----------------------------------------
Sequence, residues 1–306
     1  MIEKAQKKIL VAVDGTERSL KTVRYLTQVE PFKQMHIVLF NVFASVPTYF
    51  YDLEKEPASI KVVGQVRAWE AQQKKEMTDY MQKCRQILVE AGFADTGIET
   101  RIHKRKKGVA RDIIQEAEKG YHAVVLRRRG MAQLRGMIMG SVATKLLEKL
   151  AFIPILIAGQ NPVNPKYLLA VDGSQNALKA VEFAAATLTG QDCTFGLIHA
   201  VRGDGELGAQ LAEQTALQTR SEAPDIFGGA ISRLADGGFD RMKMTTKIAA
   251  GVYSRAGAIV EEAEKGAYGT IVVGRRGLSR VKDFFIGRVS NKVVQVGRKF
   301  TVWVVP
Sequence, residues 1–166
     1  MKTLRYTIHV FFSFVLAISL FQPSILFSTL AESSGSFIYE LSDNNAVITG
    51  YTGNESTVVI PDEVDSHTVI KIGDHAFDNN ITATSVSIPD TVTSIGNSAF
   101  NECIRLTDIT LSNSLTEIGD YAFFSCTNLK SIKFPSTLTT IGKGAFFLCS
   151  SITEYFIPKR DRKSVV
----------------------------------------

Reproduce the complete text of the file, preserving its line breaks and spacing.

Sequence, residues 1–306
     1  MIEKAQKKIL VAVDGTERSL KTVRYLTQVE PFKQMHIVLF NVFASVPTYF
    51  YDLEKEPASI KVVGQVRAWE AQQKKEMTDY MQKCRQILVE AGFADTGIET
   101  RIHKRKKGVA RDIIQEAEKG YHAVVLRRRG MAQLRGMIMG SVATKLLEKL
   151  AFIPILIAGQ NPVNPKYLLA VDGSQNALKA VEFAAATLTG QDCTFGLIHA
   201  VRGDGELGAQ LAEQTALQTR SEAPDIFGGA ISRLADGGFD RMKMTTKIAA
   251  GVYSRAGAIV EEAEKGAYGT IVVGRRGLSR VKDFFIGRVS NKVVQVGRKF
   301  TVWVVP
Sequence, residues 1–166
     1  MKTLRYTIHV FFSFVLAISL FQPSILFSTL AESSGSFIYE LSDNNAVITG
    51  YTGNESTVVI PDEVDSHTVI KIGDHAFDNN ITATSVSIPD TVTSIGNSAF
   101  NECIRLTDIT LSNSLTEIGD YAFFSCTNLK SIKFPSTLTT IGKGAFFLCS
   151  SITEYFIPKR DRKSVV